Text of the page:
Ok, lets first do a little math. I’m going to assume a screen size of
1024x768, you might be using a larger or smaller size. I’m going to
assume a frame rate of 30 frames per second, most games run at above
60 FPS. I’m going to assume 32 bits per pixel. That comes out to:
102476832*30 = 754,974,720 bits per second per player. That’s 755
OK, lets try some more reasonable assumptions. A 640x480 image with 16
bit graphics at 30 FPS gives:
64048016*30=147,456,000 bits per second per player which means on a
gigabit lan you can maybe handle 4 to 6 players.
The numbers look pretty bad. You can improve them by compressing the
images using something like jpeg. Or, better yet you can compute the
difference between the current image and the last image and compress
and send only the difference. That is likely to get you to a
reasonable bit rate. You will still have problems any time a large
part of the image changes all at once.
Next problem: Your code assumes the image is in the the SDL_image
structure. It is not. It is pointed to by that structure. The pixel
data is stored in a separate array. You will need to look inside the
SDL_image structure to find the pixels.
It is always a good idea to do the math to get a feel for the real
numbers that control your project. Some people call it a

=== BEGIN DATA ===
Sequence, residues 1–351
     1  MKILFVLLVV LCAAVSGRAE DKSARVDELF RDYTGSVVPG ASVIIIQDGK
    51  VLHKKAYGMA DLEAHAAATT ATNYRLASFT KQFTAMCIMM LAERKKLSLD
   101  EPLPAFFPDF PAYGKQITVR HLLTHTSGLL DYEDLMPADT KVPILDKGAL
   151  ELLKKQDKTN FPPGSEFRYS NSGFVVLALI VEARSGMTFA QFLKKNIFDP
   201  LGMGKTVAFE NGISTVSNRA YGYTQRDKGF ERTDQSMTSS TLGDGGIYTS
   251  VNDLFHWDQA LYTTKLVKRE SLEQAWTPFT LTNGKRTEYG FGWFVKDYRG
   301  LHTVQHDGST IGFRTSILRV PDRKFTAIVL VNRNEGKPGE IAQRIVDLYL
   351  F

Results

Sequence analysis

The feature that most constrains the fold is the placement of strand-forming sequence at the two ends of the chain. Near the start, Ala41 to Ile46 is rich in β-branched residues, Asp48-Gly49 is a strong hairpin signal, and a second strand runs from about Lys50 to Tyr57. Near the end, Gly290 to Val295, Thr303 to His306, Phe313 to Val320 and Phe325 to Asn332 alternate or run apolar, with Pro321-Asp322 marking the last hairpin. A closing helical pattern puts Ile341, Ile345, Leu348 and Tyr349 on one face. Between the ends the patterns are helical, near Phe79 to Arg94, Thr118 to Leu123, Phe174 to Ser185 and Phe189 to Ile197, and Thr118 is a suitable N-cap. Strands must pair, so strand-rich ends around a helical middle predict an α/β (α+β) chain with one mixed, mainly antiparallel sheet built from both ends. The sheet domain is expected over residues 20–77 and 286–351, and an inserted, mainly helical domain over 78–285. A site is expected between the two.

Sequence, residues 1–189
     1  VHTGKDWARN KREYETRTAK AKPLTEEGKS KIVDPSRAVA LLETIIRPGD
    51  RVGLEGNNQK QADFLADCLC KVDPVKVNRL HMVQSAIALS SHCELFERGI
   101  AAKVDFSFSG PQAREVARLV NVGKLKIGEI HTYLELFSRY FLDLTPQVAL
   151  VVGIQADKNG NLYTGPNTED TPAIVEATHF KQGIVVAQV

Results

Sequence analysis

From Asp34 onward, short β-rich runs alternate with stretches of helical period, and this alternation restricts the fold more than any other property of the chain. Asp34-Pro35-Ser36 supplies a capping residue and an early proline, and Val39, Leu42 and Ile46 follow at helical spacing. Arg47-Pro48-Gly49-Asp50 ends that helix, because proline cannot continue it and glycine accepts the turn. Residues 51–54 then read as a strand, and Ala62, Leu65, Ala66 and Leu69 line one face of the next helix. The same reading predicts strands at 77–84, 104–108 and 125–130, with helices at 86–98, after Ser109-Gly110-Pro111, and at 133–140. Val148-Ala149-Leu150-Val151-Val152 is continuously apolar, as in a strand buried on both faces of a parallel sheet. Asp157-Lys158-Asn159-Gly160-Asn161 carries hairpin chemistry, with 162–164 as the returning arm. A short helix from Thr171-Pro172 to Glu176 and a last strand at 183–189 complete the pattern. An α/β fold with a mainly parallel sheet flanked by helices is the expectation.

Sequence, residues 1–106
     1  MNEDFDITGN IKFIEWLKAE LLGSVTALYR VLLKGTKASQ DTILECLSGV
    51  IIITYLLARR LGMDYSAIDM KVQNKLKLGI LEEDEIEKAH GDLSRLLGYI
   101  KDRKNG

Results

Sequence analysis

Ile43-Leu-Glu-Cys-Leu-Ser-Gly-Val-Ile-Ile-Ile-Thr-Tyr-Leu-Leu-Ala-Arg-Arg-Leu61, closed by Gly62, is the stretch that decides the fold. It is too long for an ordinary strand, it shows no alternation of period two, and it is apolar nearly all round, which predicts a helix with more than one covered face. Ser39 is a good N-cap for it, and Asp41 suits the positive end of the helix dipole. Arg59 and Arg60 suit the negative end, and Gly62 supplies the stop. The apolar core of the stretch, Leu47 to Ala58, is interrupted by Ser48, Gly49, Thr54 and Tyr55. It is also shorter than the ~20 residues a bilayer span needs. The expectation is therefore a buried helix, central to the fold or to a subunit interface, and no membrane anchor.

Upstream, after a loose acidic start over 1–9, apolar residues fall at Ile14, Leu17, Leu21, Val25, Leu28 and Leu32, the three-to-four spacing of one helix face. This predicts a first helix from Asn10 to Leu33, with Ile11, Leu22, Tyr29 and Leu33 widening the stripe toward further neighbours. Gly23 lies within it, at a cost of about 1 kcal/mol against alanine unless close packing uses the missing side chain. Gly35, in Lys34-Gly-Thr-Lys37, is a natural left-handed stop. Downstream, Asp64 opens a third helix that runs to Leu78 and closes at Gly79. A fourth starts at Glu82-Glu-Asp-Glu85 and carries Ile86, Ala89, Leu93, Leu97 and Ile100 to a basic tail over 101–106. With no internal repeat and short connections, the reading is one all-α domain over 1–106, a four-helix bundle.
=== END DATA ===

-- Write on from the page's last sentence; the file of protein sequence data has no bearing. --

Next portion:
back-of-the-envelope computation, some call it a ROM (rough order of
magnitude) computation. It is always a good idea to do one.
Everybody goes though the experience of learning to do the math before
doing a project. This particular problem, doing everything on the
server and streaming the game to customers is very familiar to me
because once, long ago, while working for what is now AT&T (i.e. SBC)
I had to write a long formal research document explaining the problem
to a corporate VP who thought he had just come up with a way to make
billions of dollars by doing exactly what you are trying to do. At
the time, with the resources of a multi-billion dollar company, I came
the conclusion that it was just almost possible except for the problem
I sill do not believe that this is a good way to do things, but it may
just be possible with current technology.
Bob PendletonOn Thu, Jun 25, 2009 at 7:16 PM, Lillefix wrote:
Hi, I am trying to make a networked multiplayer game in which the clients
sends the user-input to the server and the server actually does all the
calculations. I do also want the server to do all of the rendering axcept
for the last part of course. Therefore I make a SDL_Surface * which I blit
every player onto, in addition to the map. My problem is, however, how I a
supposed to transfer this surface.
This is my current send-code (from the server to the client)
memcpy(p->data, tempSurface, sizeof(SDL_Surface)); //Copy the surface to the
p->len = sizeof(SDL_Surface); //Set the length of the data transferred
p->address = connections[i].address; //Set destination-address
SDLNet_UDP_Send(sd, -1, p); //Send it
and this is the recieving code (the client)
memcpy(clientScreen, p->data, sizeof(SDL_Surface));
I do however not believe that this is the correct way of doing it, as the
SDL_Surface struct contains a lot of pointers which will not be correct when
So, is there any way to do this, or will I have to do something entirely
View this message in context: Sending SDL_Surface via UDP
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